The practice of the invention will be illustrated by the following example, which is intended to be illustrative and not limiting.
This example illustrates filling of a nucleus pulposus cavity in a spinal motion segment by the process of the invention. Various studies by the inventors have described the Poisson effect in a hydrogel and its usefulness in approximating the normal synergistic mechanical properties of the nucleus in interaction with the annulus. In order to achieve appropriate mechanical properties, proper filling of the disc core volume is essential.
A flexibility experiment was conducted by performing the process of the invention for replacing the nucleus pulposus. The flexibility of the spinal motion segment or unit was measured at various steps in the procedure in order to illustrate the simulated degeneration and restoration of the nucleus. An appropriate specimen of an L4/L5 spinal motion segment was selected, including the L4 and L5 lumbar vertebrae and the intervertebral disc therebetween with intact annulus fibrosus and nucleus pulposus. The selected specimen had an essentially normal nucleus pulposus. The specimen was subjected to measurement of flexibility at four stages before, during, and after the nucleus replacement procedure by conducting a simulated flexion-extension series using pure moments. The torque required for a range of defined angles of flexion and extension was determined. The results are presented in the chart in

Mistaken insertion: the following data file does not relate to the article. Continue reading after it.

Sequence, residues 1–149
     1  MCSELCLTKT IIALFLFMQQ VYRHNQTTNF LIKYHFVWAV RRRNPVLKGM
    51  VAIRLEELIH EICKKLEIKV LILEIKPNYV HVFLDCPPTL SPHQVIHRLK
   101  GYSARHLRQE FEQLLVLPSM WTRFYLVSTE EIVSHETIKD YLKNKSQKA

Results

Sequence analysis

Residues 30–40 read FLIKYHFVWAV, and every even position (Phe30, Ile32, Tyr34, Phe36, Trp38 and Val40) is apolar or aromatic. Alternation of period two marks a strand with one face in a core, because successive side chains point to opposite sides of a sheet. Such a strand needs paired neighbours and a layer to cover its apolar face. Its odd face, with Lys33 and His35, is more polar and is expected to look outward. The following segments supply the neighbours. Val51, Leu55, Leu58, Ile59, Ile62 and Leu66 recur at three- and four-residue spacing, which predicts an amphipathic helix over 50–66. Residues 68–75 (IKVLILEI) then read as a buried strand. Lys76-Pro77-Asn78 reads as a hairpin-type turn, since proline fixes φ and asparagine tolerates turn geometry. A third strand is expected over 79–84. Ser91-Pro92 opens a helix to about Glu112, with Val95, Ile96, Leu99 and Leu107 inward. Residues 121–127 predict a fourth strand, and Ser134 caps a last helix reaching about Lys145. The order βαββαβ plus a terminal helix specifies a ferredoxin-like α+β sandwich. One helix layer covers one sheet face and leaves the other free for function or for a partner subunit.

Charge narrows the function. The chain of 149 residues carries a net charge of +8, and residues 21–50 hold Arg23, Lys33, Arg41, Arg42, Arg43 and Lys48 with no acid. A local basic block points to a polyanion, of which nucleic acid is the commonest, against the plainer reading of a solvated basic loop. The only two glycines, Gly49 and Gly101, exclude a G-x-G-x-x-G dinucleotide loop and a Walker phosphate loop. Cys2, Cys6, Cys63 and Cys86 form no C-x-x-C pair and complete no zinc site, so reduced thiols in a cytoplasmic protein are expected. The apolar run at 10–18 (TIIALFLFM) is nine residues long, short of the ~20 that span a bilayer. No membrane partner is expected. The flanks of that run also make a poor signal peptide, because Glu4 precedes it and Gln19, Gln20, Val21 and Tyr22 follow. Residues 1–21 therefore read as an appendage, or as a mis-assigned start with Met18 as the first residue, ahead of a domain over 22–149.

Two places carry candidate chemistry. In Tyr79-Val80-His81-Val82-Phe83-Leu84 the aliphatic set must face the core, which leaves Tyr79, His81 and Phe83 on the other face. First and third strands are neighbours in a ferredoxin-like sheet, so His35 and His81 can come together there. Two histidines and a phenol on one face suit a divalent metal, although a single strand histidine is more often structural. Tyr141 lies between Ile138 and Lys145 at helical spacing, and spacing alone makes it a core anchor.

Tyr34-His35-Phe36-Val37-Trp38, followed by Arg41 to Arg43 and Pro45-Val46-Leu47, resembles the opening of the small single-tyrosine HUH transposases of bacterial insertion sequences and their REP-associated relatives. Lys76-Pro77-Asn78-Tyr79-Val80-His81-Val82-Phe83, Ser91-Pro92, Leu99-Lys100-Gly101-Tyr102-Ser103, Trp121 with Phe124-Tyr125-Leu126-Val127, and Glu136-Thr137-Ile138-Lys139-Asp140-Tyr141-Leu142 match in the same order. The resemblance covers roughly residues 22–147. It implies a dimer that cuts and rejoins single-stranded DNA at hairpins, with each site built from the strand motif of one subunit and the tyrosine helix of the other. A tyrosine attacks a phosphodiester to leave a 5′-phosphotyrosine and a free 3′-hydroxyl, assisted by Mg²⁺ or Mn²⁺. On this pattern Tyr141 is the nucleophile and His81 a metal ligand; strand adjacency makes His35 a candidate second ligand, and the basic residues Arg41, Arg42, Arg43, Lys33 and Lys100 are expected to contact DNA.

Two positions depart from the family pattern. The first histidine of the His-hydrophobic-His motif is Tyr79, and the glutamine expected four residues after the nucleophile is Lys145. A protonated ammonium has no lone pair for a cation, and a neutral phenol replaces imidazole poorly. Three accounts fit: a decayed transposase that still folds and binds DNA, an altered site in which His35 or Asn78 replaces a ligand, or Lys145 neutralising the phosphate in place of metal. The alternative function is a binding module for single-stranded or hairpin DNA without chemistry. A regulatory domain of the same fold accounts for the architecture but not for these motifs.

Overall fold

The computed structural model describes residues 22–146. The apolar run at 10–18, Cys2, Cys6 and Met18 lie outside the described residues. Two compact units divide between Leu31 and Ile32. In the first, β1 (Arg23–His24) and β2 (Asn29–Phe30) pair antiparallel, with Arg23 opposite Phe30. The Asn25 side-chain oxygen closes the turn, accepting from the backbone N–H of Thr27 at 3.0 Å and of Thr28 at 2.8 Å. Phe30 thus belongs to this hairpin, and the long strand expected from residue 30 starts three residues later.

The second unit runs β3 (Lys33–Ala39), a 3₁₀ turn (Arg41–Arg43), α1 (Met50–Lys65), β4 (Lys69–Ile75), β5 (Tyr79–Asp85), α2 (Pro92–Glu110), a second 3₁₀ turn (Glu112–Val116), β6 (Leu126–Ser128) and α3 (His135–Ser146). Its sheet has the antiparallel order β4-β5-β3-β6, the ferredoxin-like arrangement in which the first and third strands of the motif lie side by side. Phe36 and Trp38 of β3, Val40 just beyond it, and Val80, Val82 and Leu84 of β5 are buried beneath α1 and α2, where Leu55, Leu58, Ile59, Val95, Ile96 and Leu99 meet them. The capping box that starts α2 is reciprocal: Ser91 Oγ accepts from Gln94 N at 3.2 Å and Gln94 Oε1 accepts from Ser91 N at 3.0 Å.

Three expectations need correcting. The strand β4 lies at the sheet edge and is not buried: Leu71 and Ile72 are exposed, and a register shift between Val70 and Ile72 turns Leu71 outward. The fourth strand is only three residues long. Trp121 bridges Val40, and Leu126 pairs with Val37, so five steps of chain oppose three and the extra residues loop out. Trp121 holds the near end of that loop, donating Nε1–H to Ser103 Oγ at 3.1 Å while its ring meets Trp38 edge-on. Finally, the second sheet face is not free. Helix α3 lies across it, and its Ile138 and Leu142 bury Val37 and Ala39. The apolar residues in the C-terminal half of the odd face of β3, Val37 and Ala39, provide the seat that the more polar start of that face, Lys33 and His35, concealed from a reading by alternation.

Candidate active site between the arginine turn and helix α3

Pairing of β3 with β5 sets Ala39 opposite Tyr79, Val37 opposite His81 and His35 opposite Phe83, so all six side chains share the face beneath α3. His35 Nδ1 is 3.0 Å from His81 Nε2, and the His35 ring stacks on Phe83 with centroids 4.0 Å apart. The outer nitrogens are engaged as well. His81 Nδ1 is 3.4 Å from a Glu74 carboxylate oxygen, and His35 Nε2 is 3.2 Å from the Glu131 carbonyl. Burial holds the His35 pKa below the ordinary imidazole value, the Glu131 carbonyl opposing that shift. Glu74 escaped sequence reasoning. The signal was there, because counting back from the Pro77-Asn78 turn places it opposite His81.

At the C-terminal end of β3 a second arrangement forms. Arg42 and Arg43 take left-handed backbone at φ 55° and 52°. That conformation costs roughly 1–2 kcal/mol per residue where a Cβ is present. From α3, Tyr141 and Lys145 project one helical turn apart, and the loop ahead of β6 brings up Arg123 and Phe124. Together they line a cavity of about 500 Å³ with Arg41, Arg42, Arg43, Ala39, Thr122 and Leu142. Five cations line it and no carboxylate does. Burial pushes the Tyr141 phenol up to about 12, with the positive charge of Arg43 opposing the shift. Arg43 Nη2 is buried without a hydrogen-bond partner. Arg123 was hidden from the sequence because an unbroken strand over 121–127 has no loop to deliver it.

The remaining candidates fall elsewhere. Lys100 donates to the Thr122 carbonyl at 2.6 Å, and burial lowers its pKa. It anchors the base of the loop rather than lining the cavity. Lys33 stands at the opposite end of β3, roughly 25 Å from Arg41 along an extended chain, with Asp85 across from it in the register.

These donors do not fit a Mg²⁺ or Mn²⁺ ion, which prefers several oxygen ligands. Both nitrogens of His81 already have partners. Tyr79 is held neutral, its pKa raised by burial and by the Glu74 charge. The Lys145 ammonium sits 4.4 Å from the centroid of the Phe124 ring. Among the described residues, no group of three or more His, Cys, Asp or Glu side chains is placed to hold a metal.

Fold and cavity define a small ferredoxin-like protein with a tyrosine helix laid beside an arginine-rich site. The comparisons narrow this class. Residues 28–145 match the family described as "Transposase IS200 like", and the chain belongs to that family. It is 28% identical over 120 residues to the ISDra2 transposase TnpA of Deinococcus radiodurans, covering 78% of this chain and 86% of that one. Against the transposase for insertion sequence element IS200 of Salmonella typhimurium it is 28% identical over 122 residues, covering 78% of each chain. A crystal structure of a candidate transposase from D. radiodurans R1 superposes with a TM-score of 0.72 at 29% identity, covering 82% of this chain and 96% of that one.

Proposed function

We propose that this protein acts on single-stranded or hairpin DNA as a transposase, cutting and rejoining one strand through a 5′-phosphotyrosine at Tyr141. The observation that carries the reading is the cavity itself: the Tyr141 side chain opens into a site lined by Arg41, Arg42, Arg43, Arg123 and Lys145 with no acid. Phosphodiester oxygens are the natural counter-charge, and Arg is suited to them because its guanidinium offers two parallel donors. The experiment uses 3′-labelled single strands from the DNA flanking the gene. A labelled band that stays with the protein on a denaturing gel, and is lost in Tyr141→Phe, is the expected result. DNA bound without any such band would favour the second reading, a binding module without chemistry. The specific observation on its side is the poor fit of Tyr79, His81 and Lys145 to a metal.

The first of the four flexion-extension series was conducted on the intact healthy disc; the results are shown in Curve 1. The nucleus was then removed by a generally conventional procedure in which a trephine of suitable size is used to form an axial aperture in one of the adjacent vertebrae by removing a plug of bone, the nucleus is removed through the aperture so created, and the plug of bone is then reinserted and cemented in position to substantially restore the vertebral structure. Such a procedure is substantially similar to methods described by Joshi et al., Journal of Biomedical Engineering, June 2005, Vol 127; p 536-540, the entire disclosure of which is incorporated herein by reference. The specimen was then tested through the same applied moments. Accordingly, the second series simulates a severely degraded nucleus; the results are as shown in Curve 2. An access channel was then drilled through the upper vertebra of the specimen spinal motion unit and the specimen was implanted with a hydrogel implant in two stages. In the first stage the specimen was implanted with a hydrogel implant prepared as a thin string (diameter about 3 mm) inserted through a sheath inserted in the drilled channel in an amount that partially filled the volume left by the removal of the nucleus pulposus. The hydrogel was prepared according to the teachings of Marcolongo et al., U.S. Published Patent Application No. 2004/0220296. The partially restored spinal motion segment, thereby simulated a somewhat degenerated nucleus or a nucleus replaced without pressurization. When the spinal motion segment so restored was tested, a movement towards normal physiologic values over the range of motion was found, as shown in Curve 3. Finally, when the specimen was fully implanted with the hydrogel and the core was completely filled and pressurized, by inserting a bone screw according to the invention, close to full restoration of the disc mechanics was found, as shown in Curve 4.